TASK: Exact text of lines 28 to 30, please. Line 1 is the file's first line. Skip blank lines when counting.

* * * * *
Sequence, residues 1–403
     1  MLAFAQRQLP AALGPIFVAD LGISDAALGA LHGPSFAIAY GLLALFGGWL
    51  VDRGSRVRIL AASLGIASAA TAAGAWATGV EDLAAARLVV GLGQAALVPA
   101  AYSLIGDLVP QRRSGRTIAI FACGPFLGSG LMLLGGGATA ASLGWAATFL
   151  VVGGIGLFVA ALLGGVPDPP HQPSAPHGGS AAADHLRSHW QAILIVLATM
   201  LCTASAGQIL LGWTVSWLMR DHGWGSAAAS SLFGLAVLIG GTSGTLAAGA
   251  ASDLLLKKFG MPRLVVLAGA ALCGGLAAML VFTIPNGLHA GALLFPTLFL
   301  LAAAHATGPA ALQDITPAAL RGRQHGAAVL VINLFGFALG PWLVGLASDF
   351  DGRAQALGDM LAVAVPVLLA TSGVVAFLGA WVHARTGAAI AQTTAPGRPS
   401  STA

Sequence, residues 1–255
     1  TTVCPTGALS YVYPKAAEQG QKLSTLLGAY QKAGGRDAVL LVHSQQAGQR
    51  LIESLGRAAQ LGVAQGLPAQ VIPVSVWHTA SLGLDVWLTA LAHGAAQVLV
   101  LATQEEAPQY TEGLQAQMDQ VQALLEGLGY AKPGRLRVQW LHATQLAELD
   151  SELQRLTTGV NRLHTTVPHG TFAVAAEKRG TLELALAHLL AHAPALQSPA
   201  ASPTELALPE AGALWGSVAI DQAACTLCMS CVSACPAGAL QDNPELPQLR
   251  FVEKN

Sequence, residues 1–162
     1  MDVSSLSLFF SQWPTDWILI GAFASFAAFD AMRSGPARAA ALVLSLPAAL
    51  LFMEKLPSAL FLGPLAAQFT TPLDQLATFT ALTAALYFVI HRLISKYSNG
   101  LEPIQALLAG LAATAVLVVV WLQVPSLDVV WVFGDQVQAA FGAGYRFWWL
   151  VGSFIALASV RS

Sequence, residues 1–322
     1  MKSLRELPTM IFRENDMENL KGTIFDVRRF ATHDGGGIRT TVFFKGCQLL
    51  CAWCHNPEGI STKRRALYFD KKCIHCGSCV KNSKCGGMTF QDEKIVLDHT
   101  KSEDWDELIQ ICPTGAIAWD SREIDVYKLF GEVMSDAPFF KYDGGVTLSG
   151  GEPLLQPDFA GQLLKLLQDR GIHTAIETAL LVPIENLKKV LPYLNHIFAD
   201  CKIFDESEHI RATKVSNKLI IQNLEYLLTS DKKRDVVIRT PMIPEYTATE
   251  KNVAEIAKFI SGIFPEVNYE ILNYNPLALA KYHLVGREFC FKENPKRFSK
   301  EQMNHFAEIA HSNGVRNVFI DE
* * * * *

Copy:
   201  CKIFDESEHI RATKVSNKLI IQNLEYLLTS DKKRDVVIRT PMIPEYTATE
   251  KNVAEIAKFI SGIFPEVNYE ILNYNPLALA KYHLVGREFC FKENPKRFSK
   301  EQMNHFAEIA HSNGVRNVFI DE